In Lebanon, life is better for Christians. “We are blessed. We are a free country, and we can worship freely,” he said. He expressed appreciation for American missionaries who settled in Lebanon a century ago and built schools and strengthened churches. He also praised Lebanese diversity and “acceptance of others,” noting Muslims and Christians there celebrate each others’ religious occasions.
Costa cited Finlay Graham, a Texan and Baptist missionary, who started Arab Baptist Theological Seminary in Beirut. Christians also started universities respected across the region.
U.S. Christian missionaries also started schools—the vast majority of whose students now are non-Christians, he said. Of 60,000 students in evangelical schools, 70 percent are from different faiths, with the rest Christians.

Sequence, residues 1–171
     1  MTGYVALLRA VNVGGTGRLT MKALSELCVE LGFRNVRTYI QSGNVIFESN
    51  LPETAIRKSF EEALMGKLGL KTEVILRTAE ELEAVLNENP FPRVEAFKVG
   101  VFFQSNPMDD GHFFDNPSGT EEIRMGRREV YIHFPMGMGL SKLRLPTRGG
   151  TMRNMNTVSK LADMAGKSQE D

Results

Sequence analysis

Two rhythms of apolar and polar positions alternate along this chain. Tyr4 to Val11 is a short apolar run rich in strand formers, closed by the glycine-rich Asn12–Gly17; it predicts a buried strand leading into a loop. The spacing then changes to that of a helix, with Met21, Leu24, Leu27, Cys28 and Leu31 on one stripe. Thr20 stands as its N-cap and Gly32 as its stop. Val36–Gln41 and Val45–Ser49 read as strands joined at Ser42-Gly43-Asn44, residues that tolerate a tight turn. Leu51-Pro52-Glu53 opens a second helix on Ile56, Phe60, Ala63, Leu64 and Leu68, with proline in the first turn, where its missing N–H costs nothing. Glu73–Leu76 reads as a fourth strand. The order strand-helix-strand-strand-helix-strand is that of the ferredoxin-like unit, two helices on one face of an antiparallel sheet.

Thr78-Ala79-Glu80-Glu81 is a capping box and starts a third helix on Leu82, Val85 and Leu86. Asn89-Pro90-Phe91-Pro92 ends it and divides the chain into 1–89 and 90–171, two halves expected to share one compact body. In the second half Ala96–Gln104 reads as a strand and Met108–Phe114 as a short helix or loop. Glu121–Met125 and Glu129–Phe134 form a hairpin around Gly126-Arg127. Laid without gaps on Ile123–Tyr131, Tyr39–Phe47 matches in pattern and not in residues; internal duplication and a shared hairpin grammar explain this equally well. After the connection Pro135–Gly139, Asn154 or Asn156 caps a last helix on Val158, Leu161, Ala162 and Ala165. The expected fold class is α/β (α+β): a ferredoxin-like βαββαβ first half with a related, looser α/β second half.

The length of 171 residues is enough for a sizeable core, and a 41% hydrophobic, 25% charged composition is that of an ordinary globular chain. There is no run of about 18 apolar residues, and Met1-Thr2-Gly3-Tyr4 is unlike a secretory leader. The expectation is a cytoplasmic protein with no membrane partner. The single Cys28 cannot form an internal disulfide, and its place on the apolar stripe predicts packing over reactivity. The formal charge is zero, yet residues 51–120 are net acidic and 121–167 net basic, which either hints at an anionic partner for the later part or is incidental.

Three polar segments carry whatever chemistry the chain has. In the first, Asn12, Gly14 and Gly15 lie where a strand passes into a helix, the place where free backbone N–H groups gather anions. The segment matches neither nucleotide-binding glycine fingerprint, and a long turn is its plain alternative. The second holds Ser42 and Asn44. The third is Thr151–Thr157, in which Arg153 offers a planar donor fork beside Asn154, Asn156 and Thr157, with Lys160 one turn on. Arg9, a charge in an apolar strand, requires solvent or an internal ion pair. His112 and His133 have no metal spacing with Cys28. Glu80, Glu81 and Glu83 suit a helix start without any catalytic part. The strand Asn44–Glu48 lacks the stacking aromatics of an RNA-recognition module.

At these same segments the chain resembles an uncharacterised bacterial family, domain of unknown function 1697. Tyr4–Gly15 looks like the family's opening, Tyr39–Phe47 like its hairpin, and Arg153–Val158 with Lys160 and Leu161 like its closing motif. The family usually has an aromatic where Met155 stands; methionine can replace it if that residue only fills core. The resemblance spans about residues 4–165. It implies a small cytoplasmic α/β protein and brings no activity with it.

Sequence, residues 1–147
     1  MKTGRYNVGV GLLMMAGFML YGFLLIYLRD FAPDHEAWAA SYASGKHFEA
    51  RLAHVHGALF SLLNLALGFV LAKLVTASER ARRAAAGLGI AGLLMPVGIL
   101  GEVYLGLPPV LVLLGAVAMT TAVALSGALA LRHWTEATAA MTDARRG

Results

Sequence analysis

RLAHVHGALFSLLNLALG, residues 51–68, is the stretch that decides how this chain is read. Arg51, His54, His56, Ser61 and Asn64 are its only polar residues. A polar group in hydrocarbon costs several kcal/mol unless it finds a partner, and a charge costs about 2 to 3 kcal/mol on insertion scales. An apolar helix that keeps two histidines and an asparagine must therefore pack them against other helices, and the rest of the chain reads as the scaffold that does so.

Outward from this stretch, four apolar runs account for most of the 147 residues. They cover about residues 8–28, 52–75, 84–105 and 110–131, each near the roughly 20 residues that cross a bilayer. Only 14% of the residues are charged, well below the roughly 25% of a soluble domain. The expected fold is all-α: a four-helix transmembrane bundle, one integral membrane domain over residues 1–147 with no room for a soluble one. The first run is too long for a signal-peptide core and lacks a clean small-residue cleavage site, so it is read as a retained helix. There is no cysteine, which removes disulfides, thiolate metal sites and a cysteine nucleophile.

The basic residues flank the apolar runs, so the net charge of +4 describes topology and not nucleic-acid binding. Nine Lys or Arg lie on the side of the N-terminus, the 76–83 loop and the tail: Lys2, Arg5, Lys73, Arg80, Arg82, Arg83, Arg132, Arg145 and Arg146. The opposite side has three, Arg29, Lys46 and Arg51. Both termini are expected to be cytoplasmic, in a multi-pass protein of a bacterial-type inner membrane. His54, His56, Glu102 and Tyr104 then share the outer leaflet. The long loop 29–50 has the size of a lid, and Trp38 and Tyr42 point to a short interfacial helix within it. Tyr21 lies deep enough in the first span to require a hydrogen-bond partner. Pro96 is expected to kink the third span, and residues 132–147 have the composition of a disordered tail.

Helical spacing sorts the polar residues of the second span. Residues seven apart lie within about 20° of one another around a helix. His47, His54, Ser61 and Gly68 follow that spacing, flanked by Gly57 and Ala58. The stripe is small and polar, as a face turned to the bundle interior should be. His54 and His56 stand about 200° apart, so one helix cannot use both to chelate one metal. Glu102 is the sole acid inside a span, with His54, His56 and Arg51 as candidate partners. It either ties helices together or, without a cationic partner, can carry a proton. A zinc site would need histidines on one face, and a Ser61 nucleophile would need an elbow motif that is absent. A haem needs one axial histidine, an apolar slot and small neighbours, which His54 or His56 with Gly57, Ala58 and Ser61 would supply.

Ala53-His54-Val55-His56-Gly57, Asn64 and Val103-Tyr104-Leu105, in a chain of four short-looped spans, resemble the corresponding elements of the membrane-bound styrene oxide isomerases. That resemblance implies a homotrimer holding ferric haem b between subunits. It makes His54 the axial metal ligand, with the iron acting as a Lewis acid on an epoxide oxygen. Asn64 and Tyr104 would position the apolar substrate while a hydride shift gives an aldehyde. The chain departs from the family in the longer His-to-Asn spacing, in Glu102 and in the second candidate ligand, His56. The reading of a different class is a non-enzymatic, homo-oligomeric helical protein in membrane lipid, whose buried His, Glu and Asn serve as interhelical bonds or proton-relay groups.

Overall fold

One of the great lessons Muslim and Christian students learn is “mutual respect,” Costa said. “Christians are not strangers (to Muslims). They are our neighbors. We have relationships with each other.”
“Education is the best platform” for Christian witness, he said, noting he wishes Baptists and other Christians had started more schools in the region. School-starting in Lebanon followed “what you call buy one/get one,” he added.
Contrary to Western perceptions, “most Muslims are not terrorists,” Costa stressed. “The majority of Muslims are tired of the extremists.” Unfortunately, the minority of extremists receive most of the media attention and consequently define Muslim identity for Westerners. “But many Muslims are peace-seekers,” he said.
The current development shaping the Middle East—with a uniquely challenging impact on Lebanon—is the civil war in Syria, which has produced 4.8 million Syrian refugees.
Influx of refugees
Because Lebanon primarily is bordered by Syria, it has received an overwhelming influx of those refugees, Costa said.
“In our country, one of four people is a refugee.”
The task of responding to the need is daunting, Costa admitted. “What can we do? We are few. We are a small group of Baptists.”